The old, the empty, and the ugly. The story behind architecture in Greek cities.

The Greeks are famous for their architecture, they even invented this type of art. Look at the Parthenon, the temple of Apollo, or the theatre in Philippi. All amazing architecture, and all on the list of UNESCO world heritage sites today. But also on the islands, the architecture resembles an art. The idyllic villages with narrow stone streets. Surrounded by white walls, and blue roofs that match the color of the sky. The Greeks knew what they were doing, but what happened with architecture in modern Greek cities?

A quick history of Greek Architecture

Architecture was born in Greece almost three millennia ago. The White House, amongst so many other political buildings, is inspired by Ancient Greece architecture. But even more important, the Greeks invented the elements that are needed to turn a structure into a piece of art. Which became, and remained, the base of architecture as we know it today, all around the world.

After Ancient Greece, architecture continued to evolve in the land that is now Greece. With influences from the Byzantines, the Venetians, and the Ottomans, many cities became a combination of beautiful churches, mosques, and castles. But unfortunately, history does not end there. After the Second World War, the country was in ruins. And when years later Greece was finally in an economic situation to rebuild. The country seemed to have forgotten about architecture.

Rapid expansion after the war

In the 1950s, ’60s, and ’70s the economy in Greece was booming. Many people left their houses in the villages and moved to the cities to work. Quickly, more houses were needed and they needed to be built fast. So instead of letting architects and urban planners design the cities and housing, an enormous amount of apartment buildings were built and designed by engineers. Paid by whoever had the money to make such an investment.

There was no “beauty committee” from the municipality. Neither did the Greeks follow the rules that were there. The reconstruction after the war resulted in a loss of architecture in Greek cities. Everyone could, or just did, build whatever they wanted. What they wanted was the same as what any investor wants. Investing the least amount of money to earn the most of it later.

As a result, the cities became packed with six-story high concrete apartment blocks, leaving no space for parks or proper pavements for pedestrians to walk on.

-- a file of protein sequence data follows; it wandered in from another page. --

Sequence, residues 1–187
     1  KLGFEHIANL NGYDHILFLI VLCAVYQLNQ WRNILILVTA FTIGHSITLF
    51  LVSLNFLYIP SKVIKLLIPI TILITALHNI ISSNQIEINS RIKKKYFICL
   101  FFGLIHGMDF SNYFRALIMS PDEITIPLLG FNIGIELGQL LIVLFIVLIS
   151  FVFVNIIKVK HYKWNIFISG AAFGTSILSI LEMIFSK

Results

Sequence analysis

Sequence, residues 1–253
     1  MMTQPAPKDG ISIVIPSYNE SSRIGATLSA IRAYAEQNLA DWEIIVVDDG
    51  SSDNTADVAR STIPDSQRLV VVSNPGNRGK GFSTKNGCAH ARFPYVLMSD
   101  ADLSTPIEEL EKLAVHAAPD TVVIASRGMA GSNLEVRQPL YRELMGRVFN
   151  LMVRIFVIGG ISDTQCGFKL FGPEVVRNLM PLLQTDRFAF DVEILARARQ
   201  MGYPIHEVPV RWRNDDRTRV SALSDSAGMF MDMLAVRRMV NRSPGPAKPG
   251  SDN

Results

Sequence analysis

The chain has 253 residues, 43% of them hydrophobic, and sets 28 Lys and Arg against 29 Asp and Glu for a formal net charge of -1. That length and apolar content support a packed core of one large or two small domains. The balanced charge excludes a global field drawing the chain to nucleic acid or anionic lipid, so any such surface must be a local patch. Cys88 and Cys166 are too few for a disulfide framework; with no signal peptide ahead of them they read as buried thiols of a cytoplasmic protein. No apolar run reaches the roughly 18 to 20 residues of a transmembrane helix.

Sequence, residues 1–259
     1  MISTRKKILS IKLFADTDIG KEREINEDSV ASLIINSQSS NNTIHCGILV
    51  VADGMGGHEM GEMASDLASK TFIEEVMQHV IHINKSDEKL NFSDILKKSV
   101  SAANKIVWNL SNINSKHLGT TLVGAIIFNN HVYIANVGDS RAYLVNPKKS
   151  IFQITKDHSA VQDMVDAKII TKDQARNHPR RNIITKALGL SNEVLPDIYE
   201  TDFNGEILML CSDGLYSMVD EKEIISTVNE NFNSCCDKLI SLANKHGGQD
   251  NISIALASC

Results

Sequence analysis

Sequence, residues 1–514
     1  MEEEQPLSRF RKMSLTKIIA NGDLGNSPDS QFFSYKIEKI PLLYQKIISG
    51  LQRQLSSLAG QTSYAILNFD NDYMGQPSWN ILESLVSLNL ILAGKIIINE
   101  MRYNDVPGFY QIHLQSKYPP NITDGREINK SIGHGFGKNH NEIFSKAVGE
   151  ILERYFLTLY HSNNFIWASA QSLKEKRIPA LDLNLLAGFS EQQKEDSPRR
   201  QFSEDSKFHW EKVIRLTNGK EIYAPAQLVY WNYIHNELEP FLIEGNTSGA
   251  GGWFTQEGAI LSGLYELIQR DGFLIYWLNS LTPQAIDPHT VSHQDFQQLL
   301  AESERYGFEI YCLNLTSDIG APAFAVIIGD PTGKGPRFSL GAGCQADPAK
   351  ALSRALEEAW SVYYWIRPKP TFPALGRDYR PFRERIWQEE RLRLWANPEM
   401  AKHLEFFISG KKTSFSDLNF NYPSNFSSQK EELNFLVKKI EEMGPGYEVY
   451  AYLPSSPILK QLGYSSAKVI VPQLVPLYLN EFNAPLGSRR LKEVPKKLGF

Lack of maintenance

Although these apartment blocks were ugly from the start, the Greeks did not really take care of their buildings either. The investors knew that there was a shortage in housing so they did not feel the need to maintain their buildings. And since many of the Greeks rented their apartment, they did not care for it either, for the outside at least. A Greek interior is always clean and tidy, but on the outside, paint is falling off, windows are broken and graffiti is covering the facade on the first floor.

In the ’90s Greece became a part of the European Union and with this came money. The Greeks were rich again and ready to invest in more housing. As a Dutch, I would say great! Time to get rid of the now-abandoned concrete blocks and make our cities great again. But unfortunately, this is not what the real Greeks wanted to do with their money.

The old, the ugly, and the empty

Why invest money in someone else’s leftovers if you can build something that is completely your own? While the ugly buildings from after the war were falling apart, more concrete was put in the city by engineers. Until the crisis hit Greece in 2008.

After 2008, not only were many buildings left unfinished, many companies, as well as people, lost their houses. I stayed last February in a hotel in the city center of Thessaloniki. On the corner in front of the hotel I stayed in, there was one abandoned building, one unfinished structure, and one apartment building with only a few residents almost falling apart.

It makes an interesting scenery. All those years of history in architecture in Greek cities, combined with the complete lack of it in modern times. Every time I visit a Greek city the architect in me imagines the potential of all the beautiful old empty buildings. As well as parks and skyscrapers in the places now occupied by the concrete, earthquake-proof engineer blocks. But will Greece ever make her cities beautiful again?